This in mind, it’s easily understood why very little was whispered about the NFL, back in those heady Congressional hearing days, when the economy was better and Bud Selig was burnt in effigy. The League is above reproach. They get called into Congressional meetings to get patted on the back.

Michael Vick presents an interesting case study. Journalists just adore lumping issues into one gigantic cluster of simplicity that could be easily diagnosed by your average caveman. We’ve even seen this type of amalgamation applied to tragedies. Being an individual only goes so far. After the tragic death of Sean Taylor, the Pro Bowler killed in a botched home invasion, there was a definite sentiment among some members of the credentialed menagerie that this horrible event was an act of revenge, and yes, sadly enough, pathetically enough, inevitable comeuppance for a “thug”.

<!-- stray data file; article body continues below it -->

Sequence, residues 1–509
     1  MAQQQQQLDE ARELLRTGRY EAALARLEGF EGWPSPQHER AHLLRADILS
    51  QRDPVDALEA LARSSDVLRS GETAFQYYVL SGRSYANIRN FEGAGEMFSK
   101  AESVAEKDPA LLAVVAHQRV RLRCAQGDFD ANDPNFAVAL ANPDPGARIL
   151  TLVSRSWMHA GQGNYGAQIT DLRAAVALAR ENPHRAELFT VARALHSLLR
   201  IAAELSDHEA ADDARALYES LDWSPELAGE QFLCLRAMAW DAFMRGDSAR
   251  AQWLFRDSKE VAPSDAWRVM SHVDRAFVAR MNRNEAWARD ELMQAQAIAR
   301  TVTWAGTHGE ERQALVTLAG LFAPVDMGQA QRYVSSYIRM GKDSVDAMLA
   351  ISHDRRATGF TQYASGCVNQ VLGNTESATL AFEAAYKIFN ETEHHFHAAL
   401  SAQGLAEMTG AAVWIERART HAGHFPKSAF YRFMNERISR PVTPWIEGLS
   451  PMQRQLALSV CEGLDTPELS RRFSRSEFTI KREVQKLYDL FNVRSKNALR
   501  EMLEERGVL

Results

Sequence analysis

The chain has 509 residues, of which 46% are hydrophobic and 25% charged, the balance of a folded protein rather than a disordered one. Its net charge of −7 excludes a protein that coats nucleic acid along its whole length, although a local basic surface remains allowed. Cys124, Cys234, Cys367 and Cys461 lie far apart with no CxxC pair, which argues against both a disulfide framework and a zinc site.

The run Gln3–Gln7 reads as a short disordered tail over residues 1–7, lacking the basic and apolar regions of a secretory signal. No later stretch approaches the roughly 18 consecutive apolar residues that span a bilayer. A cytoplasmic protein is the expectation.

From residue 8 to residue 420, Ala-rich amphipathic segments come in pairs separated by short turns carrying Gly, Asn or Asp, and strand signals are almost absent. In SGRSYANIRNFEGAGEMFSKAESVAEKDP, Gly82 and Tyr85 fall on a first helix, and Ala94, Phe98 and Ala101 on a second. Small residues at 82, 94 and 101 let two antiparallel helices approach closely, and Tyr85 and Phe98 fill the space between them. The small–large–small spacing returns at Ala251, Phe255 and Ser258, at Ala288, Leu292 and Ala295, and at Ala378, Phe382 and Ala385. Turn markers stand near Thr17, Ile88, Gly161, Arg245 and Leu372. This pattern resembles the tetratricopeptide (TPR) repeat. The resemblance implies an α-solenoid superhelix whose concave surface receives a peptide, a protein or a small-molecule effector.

Yes sir, there was brilliant detective work being done. This must have been payback, an orchestrated plot for retribution. Except it wasn’t. This was no hit. It was a robbery gone wrong. And a young life lost, just as it began to truly grow. Rush to judge. Rush to label. What about that Duke Lacrosse team? Spoiled white kids who thought they could take whatever they wanted, right? Thank God the reverend Jesse Jackson bought a semblance of fairness to that whole scandal. It could have been divisive, ugly.